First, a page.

But that also poses other questions, which remain answered.

The EU is hoping for a consensus to avoid a repeat of the debacle behind a majority vote that originally launched the two-year asylum relocation scheme in 2015.

The scheme was forced through by a qualified majority vote (QMV), which made relocation legally binding among all participating EU states.

"QMV is still an option legally, it is sensitive issue, there is a strong political will but we should find a solution on the basis of consensus," said another EU official.

Commission takes Orban's Hungary to court

The EU executive steps up several probes over Hungary's illiberal tendencies, while it is also suing Poland and the Czech Republic over migrant quotas.

Tusk: EU migrant quotas have 'no future'

EU Council chief said obligatory migrant quotas unlikely to be renewed, but warned of "consequences" for EU states that break solidarity.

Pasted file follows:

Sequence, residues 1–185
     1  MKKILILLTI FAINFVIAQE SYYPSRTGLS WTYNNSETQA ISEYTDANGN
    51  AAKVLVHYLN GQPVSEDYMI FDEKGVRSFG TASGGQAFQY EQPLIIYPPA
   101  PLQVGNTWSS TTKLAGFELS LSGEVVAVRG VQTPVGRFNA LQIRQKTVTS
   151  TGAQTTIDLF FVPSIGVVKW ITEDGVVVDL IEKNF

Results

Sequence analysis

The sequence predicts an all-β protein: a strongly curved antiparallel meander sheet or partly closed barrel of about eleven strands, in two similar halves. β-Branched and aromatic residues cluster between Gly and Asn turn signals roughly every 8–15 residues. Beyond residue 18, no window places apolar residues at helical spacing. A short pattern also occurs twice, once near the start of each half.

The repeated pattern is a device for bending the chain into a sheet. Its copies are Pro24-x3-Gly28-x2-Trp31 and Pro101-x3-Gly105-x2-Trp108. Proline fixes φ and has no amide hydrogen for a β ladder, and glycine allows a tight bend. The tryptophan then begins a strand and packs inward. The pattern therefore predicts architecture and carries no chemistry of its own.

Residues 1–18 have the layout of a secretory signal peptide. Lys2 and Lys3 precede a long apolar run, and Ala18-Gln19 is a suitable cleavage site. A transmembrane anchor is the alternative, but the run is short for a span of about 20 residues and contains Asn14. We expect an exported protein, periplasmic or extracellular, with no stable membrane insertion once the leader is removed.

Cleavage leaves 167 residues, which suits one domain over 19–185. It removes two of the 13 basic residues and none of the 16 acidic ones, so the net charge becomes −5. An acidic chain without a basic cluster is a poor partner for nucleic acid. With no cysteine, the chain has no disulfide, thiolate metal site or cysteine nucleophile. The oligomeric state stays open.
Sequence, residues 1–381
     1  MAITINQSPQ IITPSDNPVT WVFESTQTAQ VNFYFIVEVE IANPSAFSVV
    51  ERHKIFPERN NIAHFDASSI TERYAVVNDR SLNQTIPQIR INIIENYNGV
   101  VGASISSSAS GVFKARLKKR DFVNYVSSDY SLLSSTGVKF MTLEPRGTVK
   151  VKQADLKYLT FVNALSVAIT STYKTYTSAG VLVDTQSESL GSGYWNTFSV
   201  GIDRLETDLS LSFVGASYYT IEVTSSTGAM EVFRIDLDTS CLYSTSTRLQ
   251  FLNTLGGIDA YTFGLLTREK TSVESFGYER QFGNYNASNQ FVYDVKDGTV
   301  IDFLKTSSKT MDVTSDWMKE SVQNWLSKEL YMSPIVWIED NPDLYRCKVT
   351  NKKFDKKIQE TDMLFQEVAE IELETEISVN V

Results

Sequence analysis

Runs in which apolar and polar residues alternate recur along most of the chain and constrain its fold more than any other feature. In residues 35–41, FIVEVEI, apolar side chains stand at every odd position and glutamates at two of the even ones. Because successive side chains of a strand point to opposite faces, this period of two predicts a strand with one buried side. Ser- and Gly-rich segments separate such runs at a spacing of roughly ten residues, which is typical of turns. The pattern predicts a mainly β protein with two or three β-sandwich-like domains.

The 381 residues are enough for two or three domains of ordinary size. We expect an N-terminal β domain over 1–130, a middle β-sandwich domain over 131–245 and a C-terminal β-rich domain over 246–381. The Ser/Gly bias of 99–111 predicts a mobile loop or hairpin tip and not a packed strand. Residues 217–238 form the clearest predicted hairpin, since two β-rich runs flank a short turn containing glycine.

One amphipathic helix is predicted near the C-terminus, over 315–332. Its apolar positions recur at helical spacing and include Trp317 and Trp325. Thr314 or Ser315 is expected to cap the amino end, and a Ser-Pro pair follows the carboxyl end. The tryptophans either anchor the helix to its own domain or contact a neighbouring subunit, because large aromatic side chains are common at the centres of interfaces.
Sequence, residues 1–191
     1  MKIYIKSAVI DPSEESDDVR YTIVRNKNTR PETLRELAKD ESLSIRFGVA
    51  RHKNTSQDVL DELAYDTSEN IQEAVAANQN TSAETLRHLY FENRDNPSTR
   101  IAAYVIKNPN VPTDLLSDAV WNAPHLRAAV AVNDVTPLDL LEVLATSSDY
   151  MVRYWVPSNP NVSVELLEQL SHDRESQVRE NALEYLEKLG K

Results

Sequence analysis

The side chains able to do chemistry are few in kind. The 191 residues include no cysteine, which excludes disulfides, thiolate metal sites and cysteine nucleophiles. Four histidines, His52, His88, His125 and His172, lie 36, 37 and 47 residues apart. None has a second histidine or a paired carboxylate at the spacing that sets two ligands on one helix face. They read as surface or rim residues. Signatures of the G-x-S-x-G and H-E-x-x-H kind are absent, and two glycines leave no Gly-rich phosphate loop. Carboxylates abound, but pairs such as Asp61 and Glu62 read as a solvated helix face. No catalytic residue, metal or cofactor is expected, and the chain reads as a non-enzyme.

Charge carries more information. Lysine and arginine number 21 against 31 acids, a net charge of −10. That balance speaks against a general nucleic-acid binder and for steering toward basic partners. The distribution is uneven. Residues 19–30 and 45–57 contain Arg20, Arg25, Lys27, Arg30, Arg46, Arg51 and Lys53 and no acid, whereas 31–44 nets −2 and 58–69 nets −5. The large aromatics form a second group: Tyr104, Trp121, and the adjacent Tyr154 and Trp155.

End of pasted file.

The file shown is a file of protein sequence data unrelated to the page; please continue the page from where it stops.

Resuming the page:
EU asylum debate reopens old wounds

EU leaders discussed asylum reforms in an effort to reach a consensus by next June, but divisions remain wide as concept of 'solidarity' becomes ever more elusive.

Opinion

Calling time on European-Turkish strategic relations

With an Erdogan-Putin summit on Tuesday, joined by Iran on Wednesday, it is time for Europe to face facts - Turkey's ties with the West are no longer strategic. When Europe goes hither, Turkey deliberately goes thither.

EU mulls coercion to get refugee kids' fingerprints

EU policy and law makers are ironing out final details of a legislative reform on collecting the fingerprints of asylum seekers and refugees, known as Eurodac. The latest plan includes possibly using coercion against minors, which one MEP calls "violence".